Thursday, July 16, 2009

We've been adopted.

By a Red Shouldered Hawk, that is. I woke this morning to the call of a bird. It continued from about 5:30 AM - 8:30 AM. When Hubs awoke, I told him that initially I thought it was a seagull, but he confirmed that it was a hawk. He said that often he will tell people that they sound like a seagull. The calls? Territorial in nature.

Our hawk swooped down this evening, giving me a lovely show of the under belly and perched in one of the trees in the yard just behind us. Does it live there? We don't quite know. It's pretty nifty if it does. It definitely lives close by.

Hawks are federally protected. They are protected by the Migratory Bird Treaty Act. I was reading up on it and found this section to be particularly disturbing.

What Might be a Violation of the Act?

One example of a violation of the Act occurred in Arizona in the 1970s. A nesting pair of Common Black-Hawks (Buteogallus anthracinus) was found in an area frequented by birders. Overly enthusiastic individuals, in their attempts to observe and photograph the pair, caused the nest and its contents to be abandoned. Although no one was charged in this incident, the collective actions of the birders resulted in the "taking" of migratory birds because the eggs were "killed" as a result of the parent birds' absence.

There are a number of incidents involving rails, birders, and violations of the Act. several examples of Black Rails (Laterallus jamaicensis) being pursued, captured, and photographed in the hand exist for the eastern and western seaboards of the U.S. In the mid-1970s, a group of Wisconsin birders chased a Yellow Rail (Coturnicops noveboracensis) around a sandy area in Milwaukee harbor. Eventually, the exhausted rail was stepped on by an overly enthusiastic human. The "take" provision of the Act was violated by the attempted capture and killing of the bird.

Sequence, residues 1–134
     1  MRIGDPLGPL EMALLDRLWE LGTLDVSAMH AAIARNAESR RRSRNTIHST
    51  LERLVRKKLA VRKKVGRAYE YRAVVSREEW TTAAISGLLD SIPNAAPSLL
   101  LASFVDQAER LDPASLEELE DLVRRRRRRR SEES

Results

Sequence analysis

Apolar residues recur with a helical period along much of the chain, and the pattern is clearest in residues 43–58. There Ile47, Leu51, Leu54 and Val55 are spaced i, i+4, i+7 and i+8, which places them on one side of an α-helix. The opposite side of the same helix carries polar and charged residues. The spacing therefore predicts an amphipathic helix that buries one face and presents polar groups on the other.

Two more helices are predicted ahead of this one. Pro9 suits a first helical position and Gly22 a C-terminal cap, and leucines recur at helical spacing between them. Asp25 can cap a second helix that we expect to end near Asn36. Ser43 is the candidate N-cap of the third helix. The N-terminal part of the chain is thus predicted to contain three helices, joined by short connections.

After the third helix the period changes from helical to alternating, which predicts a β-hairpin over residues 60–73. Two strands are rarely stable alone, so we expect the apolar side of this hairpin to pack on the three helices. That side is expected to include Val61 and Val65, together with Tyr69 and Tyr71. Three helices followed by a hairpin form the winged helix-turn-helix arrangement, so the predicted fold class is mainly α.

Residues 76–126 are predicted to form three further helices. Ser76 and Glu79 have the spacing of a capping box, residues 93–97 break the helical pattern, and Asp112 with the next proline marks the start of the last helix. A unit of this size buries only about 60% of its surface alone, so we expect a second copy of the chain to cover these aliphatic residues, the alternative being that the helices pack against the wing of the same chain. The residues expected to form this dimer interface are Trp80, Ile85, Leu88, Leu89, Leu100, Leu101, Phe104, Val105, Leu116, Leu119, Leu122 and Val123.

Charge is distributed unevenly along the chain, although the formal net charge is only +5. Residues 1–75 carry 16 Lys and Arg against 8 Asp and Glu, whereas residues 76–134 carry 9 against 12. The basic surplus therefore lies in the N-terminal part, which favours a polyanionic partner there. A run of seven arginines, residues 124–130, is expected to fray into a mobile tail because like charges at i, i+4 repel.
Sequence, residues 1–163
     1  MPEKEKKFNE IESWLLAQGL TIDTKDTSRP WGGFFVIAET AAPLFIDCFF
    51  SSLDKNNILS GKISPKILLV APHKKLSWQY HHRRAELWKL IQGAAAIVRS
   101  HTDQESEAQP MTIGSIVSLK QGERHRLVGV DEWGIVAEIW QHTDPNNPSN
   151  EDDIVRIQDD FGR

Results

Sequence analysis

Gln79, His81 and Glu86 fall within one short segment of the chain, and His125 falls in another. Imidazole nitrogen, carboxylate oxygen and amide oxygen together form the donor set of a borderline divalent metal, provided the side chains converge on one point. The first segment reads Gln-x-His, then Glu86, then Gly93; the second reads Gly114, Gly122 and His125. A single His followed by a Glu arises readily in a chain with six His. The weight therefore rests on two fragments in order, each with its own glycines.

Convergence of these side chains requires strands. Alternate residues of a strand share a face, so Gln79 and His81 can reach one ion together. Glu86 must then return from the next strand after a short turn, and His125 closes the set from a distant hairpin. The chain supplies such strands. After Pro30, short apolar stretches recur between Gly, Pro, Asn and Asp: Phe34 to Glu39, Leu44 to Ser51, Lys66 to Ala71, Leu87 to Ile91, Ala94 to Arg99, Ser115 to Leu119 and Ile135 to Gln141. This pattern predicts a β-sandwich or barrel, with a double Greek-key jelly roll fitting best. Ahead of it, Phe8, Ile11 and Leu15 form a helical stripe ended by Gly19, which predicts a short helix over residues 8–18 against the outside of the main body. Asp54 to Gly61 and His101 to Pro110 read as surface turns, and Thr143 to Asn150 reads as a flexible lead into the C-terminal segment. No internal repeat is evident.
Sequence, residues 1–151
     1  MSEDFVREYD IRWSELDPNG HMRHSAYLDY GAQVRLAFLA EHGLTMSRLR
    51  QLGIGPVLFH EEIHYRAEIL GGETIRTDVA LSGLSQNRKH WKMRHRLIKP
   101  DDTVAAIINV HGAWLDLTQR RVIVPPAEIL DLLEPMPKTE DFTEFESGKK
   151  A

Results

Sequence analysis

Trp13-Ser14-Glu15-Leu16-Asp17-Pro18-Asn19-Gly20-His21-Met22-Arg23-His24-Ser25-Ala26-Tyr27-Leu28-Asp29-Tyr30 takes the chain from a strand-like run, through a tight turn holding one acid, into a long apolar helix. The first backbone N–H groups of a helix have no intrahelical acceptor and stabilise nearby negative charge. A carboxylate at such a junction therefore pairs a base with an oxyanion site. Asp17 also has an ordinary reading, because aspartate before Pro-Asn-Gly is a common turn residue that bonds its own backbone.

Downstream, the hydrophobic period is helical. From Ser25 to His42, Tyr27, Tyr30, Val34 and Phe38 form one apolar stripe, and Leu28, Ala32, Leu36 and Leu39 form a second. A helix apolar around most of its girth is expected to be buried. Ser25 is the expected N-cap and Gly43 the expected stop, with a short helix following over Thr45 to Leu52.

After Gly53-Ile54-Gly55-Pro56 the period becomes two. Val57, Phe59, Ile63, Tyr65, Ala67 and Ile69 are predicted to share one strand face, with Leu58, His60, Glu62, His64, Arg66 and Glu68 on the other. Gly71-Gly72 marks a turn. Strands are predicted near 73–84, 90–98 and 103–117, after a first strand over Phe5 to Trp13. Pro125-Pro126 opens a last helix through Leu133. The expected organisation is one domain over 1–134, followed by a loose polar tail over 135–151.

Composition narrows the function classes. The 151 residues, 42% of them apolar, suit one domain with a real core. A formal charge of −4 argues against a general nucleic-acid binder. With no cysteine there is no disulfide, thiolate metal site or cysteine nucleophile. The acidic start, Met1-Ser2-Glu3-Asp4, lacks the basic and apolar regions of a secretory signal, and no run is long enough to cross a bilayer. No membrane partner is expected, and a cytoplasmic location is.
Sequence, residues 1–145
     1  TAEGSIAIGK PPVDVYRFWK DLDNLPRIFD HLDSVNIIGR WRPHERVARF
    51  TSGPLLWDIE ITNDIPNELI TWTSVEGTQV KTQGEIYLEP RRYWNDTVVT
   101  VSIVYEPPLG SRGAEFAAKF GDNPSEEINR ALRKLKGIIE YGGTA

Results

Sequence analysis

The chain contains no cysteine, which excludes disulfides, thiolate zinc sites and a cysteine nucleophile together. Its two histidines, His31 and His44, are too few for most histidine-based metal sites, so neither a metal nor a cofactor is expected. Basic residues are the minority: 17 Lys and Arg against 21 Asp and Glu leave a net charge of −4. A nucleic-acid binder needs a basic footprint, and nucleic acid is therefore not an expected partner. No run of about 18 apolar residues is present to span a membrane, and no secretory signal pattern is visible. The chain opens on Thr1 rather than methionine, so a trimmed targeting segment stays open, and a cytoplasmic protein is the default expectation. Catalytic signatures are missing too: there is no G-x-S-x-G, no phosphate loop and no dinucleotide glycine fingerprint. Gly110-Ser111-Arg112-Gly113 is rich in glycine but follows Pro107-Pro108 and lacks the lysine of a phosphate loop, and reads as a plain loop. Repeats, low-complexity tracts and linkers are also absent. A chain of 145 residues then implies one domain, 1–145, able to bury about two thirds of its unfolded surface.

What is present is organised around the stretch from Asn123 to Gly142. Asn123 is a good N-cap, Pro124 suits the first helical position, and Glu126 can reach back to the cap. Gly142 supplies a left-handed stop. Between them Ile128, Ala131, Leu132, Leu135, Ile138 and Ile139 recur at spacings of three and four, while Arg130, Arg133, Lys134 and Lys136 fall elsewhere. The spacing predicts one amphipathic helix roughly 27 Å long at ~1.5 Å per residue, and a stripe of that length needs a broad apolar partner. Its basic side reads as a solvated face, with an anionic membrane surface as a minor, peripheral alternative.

A practice used by some birders to view hole-nesting birds is to repeatedly hit the side of a nest tree, causing the adult birds to leave the hole. This activity can be considered "taking" if the bird is intentionally chased from its nest and the inadvertent death of young birds or abandonment of eggs occurs.

Santa Ana National Wildlife Refuge in Texas hosted a Golden-crowned Warbler (Basileuterus culicivorus) and a Yellow-faced Grassquit (Tiaris olivacea) from late January to early February 1990. Excessive pressure by birders caused refuge personnel to cordon off an area of the refuge frequented by the grassquit to ensure some protection of both the vegetation and the grassquit. Despite the site's being prominently fenced, numerous birders crossed over the cordon, trampling and destroying vegetation. Their behavior may have ultimately caused the birds (both the warbler and grassquit) to depart the area. Although no violation of the Act occurred, these activities took place on a National Wildlife Refuge in violation of the National Wildlife Refuge System Administration Act of 1966 (16 U.S.C. 668dd-668ee; 80 Stat.927) (hereafter, the "Refuge Administration Act").

Although the Act does not specifically prohibit harassment to view birds, it is a different matter with the ESA. The ESA specifically prohibits people from harassing endangered or threatened species. In general, intentional or negligent actions that cause an endangered or threatened species to significantly change its normal behavior patterns (e.g., nesting, feeding, shelter) to the extent that the likelihood of injury to the animal may occur can be considered harassment under the ESA (50 CFR 17.3).